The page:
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Funny thing is that the hinges are secured with bolts that would be fine holding struts on the car. No movement can happen once they are torqued to spec. It's not a toy. Now as to whether there's flex on the center aluminum portion, I have no idea. Like I said it looks good lol.
 

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Funny thing is that the hinges are secured with bolts that would be fine holding struts on the car. No movement can happen once they are torqued to spec. It's not a toy. Now as to whether there's flex on the center aluminum portion, I have no idea. Like I said it looks good lol.
What is the intended purpose/need of the strut bar?
 

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Discussion Starter · #24 ·
What is the intended purpose/need of the strut bar?
Adds +10hp and +100 woah points 🙃 jk, supposed to keep your front chasis from flexing, giving it more rigidity..?
 
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Behold, a STB for a Q50 that's a one-piece design and made of steel. Not perfect, but a huge step in the right direction.


Besides it's stated steel construction and one-piece design, the other way I know it to be useful is that it doesn't look particularly pretty, lol.
 

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Behold, a STB for a Q50 that's a one-piece design and made of steel. Not perfect, but a huge step in the right direction.


Besides it's stated steel construction and one-piece design, the other way I know it to be useful is that it doesn't look particularly pretty, lol.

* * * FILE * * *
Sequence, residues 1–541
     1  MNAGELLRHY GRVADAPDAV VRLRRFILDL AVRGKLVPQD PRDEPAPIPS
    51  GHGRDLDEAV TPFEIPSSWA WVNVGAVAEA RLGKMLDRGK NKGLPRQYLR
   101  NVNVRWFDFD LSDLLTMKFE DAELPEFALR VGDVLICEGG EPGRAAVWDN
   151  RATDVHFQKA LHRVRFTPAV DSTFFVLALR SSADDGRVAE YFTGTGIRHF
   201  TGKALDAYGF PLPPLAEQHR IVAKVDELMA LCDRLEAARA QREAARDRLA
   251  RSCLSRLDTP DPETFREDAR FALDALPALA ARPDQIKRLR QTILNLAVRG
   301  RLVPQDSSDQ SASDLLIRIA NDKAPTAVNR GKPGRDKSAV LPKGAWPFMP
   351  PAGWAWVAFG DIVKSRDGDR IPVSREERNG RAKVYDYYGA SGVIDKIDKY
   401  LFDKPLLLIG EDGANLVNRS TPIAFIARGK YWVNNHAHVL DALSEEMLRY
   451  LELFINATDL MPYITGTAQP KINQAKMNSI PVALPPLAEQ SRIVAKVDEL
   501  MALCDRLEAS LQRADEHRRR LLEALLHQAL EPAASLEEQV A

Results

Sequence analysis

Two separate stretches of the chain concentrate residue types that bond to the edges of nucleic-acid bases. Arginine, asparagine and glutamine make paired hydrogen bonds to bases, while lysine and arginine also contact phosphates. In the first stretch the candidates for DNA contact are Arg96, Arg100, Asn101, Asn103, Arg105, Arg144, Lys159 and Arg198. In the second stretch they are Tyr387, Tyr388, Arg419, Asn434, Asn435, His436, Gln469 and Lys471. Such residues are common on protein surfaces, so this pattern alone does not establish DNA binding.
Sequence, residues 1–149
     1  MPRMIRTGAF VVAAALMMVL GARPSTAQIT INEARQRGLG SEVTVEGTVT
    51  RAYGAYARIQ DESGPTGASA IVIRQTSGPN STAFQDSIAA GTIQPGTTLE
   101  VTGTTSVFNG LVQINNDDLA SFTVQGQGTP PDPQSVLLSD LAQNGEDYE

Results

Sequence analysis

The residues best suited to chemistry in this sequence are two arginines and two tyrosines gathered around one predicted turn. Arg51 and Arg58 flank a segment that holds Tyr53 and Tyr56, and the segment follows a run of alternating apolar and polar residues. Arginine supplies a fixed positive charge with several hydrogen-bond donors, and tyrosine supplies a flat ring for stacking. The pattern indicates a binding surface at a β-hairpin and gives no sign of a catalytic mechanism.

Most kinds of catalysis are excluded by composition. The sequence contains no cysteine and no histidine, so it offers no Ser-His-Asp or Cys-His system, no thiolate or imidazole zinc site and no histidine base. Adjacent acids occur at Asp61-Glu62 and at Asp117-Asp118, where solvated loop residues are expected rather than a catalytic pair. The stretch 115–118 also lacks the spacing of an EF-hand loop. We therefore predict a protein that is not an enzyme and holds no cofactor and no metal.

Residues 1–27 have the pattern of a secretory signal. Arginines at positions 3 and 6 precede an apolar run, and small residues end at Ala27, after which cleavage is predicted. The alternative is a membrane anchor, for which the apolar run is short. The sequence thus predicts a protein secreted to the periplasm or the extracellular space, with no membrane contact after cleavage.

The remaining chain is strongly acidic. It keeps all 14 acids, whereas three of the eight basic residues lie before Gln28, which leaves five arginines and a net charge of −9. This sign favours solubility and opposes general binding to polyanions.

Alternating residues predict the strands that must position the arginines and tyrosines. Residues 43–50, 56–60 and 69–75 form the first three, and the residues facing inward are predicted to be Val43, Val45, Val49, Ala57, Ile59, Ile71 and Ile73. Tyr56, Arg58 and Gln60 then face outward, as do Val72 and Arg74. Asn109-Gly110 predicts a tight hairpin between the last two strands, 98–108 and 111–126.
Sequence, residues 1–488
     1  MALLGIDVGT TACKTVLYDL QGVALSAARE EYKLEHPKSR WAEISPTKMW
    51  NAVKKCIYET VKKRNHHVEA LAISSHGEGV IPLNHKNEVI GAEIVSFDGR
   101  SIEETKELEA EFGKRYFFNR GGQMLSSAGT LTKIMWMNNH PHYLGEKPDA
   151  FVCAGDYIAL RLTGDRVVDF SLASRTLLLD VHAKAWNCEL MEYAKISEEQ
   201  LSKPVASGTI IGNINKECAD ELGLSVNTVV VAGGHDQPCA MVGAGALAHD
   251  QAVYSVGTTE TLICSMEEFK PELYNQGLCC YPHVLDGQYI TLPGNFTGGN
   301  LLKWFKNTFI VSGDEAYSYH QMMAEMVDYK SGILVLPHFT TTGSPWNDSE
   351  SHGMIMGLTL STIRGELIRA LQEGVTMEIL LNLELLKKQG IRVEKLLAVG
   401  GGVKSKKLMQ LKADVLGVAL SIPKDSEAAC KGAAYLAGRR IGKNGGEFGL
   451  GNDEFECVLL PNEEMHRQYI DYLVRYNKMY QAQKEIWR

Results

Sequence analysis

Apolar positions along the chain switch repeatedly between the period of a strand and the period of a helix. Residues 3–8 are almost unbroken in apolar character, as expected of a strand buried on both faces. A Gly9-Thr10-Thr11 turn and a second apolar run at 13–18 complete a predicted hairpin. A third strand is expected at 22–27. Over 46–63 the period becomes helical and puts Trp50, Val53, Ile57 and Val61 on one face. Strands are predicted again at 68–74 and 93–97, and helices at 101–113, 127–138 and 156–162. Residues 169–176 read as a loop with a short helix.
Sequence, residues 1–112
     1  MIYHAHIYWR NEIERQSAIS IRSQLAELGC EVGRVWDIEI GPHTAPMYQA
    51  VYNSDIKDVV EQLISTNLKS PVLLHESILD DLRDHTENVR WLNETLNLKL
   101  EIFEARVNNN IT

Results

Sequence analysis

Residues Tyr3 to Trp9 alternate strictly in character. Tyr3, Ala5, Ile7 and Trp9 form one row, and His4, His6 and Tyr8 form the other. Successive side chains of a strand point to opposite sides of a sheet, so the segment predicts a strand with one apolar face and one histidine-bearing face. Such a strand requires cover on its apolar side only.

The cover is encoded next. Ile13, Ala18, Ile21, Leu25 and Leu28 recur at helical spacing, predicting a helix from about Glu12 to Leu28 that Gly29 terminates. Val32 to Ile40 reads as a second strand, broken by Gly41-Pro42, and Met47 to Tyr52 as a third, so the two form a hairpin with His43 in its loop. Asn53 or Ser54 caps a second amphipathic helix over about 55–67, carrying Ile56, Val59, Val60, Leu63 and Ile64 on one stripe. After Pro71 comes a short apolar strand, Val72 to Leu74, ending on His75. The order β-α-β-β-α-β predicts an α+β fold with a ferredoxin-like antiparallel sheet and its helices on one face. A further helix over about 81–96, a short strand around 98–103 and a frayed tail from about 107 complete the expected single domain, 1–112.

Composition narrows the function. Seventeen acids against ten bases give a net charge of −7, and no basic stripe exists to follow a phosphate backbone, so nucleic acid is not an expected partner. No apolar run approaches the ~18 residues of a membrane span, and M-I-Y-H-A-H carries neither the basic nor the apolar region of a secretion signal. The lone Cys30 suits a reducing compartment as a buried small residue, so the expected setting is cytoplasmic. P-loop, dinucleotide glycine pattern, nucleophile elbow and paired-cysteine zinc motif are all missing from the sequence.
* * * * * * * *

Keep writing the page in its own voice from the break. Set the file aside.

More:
Better than the Cusco but still somewhat of a compromise. While it's one-piece steel, it is still arched and flattened to fit in the engine compartment.

Aluminum and steel can have the same rigidity but that's only on a weight basis. A five-pound aluminum pipe will be as strong as a 5-pound steel pipe. The problem is steel is almost 3 times heavier than aluminum. To have the same rigidity, an aluminum brace would have to be a lot larger than a steel brace to achieve the same rigidity. Aluminum is more expensive than steel but it's a lot easier to shape into forms other than tubular than steel can be. It's that same malleability and elasticity of aluminum that makes it less desirable than steel in this application.

Ideally, a FSB should be tubular, constructed with steel and in the same plane as the strut tower. For example:

101161


Many car's engine compartments, including the Q50, won't allow this orientation so compromises must be made in order for a FSB to fit. Tubular steel won't fit because of the space required to clear the engine cover and not rub on the hood. Making an extruded aluminum crosspiece that is somewhat flattened is easier to manufacture to fit it into the tight confines of the engine compartment. This constraint also requires the crosspiece to be arched which also increases flexibility compared to a flat crosspiece that is in the same plane as the strut towers. The multi-piece FSBs with hinges make installation easier but those hinges add to the flexibility of the FSB.

To be clear, I'm not saying a Cusco-type aluminum FSB provides no additional structural rigidity but it won't be as rigid as one made of tubular steel and in a flat plane. To me, the aluminum, multi-piece FSBs are more for appearance than function.
 
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I agree on all points of your post. I really do wish there was a viable option but I don't think any Q50 owner is going to be willing to drill into and then secure a STB to their firewall.
 

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I agree on all points of your post. I really do wish there was a viable option but I don't think any Q50 owner is going to be willing to drill into and then secure a STB to their firewall.
No room on the firewall.
 
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Discussion Starter · #30 ·
I meant to ask you.

would you be so kind as to weigh the factory cover and the CF cover?

just curious.